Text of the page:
In fact, the “grade” your site gets isn’t based on its actual load time. We repeat: any score or grade you see on these tools is NOT based on your site’s real load time. Your grade is based on the number of recommended suggestions that your site is already implementing, not its load time. Your site could load in one second, but if it didn’t have optimized images or minified code, it could still get a poor grade.
What should you do?
The best way to approach site speed is by balancing speed and user experience (UX). This is where web designers and developers come into play. Here at Stellaractive, we complete a variety of tasks for each site we launch in the aim of achieving the perfect balance of speed and UX. From the initial design through development, we work with our clients to provide as many features as they request without running the risk of loading down their site. We find plugins that can accomplish one specific task instead of using multiple plugins that have overlapping features. Specifically, we utilize the following:
- Image optimization: Images are vital to the look and feel of your website but they can also slow it down significantly. We optimize every image at launch to ensure that your visuals are crisp and prominent without sacrificing load time.
- CDNs: A content delivery network is a group of servers distributed across a geographic area that work together in order to deliver Internet content as quickly as possible. When using a CDN, the server that is closest to the user is called on to transfer the assets that are needed to load content, such as code, HTML pages, images, and videos. This makes your site load faster and more efficiently. Most Stellaractive sites use the WPengine CDN, which we know and trust.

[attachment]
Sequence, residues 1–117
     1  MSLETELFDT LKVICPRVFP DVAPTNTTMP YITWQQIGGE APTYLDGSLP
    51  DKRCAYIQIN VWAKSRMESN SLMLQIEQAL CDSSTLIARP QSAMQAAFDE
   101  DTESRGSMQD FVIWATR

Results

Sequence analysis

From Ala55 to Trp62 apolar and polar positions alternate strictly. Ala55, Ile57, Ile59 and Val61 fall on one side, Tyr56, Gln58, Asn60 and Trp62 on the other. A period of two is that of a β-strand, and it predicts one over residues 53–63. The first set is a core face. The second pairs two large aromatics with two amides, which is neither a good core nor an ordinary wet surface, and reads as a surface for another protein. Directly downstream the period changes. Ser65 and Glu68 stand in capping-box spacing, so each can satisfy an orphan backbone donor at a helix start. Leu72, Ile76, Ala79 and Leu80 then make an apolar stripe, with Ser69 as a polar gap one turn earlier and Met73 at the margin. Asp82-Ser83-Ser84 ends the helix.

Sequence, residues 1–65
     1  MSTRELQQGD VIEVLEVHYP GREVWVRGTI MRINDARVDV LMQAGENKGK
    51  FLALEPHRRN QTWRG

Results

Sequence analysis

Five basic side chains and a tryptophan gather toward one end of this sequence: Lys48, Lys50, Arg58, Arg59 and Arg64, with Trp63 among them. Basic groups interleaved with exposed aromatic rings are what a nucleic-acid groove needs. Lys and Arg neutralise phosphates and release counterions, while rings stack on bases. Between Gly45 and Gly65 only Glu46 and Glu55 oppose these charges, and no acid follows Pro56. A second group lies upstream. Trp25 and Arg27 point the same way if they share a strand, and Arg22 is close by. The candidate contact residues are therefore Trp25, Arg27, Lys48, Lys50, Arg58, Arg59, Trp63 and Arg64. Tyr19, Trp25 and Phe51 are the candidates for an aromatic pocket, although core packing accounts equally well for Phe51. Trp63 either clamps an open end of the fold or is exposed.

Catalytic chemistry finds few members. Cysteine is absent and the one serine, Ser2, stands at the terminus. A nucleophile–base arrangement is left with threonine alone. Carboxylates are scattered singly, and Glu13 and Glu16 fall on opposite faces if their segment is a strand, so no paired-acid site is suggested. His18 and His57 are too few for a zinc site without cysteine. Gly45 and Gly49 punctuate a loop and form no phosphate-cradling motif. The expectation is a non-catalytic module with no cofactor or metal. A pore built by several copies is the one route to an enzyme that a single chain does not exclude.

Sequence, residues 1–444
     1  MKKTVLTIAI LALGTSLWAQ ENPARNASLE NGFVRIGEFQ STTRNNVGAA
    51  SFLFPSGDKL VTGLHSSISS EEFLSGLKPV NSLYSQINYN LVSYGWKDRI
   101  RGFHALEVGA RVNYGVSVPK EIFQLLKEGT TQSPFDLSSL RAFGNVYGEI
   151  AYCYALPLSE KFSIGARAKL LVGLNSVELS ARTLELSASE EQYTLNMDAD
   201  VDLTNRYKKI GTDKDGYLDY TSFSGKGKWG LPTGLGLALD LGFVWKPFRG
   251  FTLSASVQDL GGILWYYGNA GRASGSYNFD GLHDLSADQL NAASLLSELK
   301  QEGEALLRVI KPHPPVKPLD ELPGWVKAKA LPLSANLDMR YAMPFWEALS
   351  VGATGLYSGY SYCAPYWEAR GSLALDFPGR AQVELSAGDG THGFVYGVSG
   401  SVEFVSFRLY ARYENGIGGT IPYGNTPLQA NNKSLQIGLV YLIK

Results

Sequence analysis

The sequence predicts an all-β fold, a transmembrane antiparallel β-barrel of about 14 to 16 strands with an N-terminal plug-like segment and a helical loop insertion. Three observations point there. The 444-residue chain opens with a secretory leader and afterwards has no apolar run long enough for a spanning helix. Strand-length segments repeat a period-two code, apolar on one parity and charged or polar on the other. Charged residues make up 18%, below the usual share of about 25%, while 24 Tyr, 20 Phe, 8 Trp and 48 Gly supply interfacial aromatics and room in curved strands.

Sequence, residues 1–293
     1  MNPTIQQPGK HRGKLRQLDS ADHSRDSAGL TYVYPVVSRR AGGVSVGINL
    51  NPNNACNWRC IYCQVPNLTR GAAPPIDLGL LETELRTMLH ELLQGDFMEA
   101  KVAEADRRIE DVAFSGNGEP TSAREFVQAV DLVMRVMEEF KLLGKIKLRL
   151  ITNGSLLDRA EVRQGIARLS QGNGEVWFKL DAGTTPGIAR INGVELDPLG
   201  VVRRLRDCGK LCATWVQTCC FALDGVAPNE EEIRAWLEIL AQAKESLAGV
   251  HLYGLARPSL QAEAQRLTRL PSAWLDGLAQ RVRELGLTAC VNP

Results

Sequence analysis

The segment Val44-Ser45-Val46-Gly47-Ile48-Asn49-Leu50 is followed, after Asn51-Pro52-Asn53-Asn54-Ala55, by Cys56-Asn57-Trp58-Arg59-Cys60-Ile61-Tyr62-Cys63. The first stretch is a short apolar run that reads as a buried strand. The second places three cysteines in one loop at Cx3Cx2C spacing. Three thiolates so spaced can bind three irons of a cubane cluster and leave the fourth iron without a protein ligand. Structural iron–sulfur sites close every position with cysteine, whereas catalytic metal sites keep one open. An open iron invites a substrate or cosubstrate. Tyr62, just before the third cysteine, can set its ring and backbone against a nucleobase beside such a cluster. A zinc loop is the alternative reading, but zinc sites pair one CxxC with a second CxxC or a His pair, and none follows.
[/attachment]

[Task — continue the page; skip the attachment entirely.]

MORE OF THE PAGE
How do you know if speed really is an issue?
What can be done if my site is too slow?
If there is concrete evidence that your site is performing slowly, there are things can be done! Generally, most designers and developers work together to carefully balance UX and performance. That balance can be shifted slightly in favor of performance if speed needs to improve.
Content Delivery Networks (CDNs) like Cloudflare are another efficient way to increase site speed. One of the top five CDN services in the world, Cloudflare provides a wide range of optimization features, including load balancing (distributing traffic across multiple servers so websites respond faster), automated content caching, and more. Cloudflare requires DNS changes and integrates independently of WordPress so it is something we only do if we have significant speed concerns or if it’s requested by the client.
Remember, there are trade-offs for speed. You need to consider what your goals are and what you need to do to improve your score.
A note on accessibility
Web accessibility, or the ability for people with disabilities to access websites, is audited on most speed tests. Accessibility has been in the news a lot recently, as the ADA has sued websites for not being compliant. The issue is tricky since there are no federal guidelines for compliance by private business, which, some say, has led to the proliferation of lawsuits.
In summary, don’t panic about your speed test score. The situation likely isn’t as dire as you think. Plus, there’s little point in achieving a 100% on a speed test if you’re making it harder for visitors to use your website.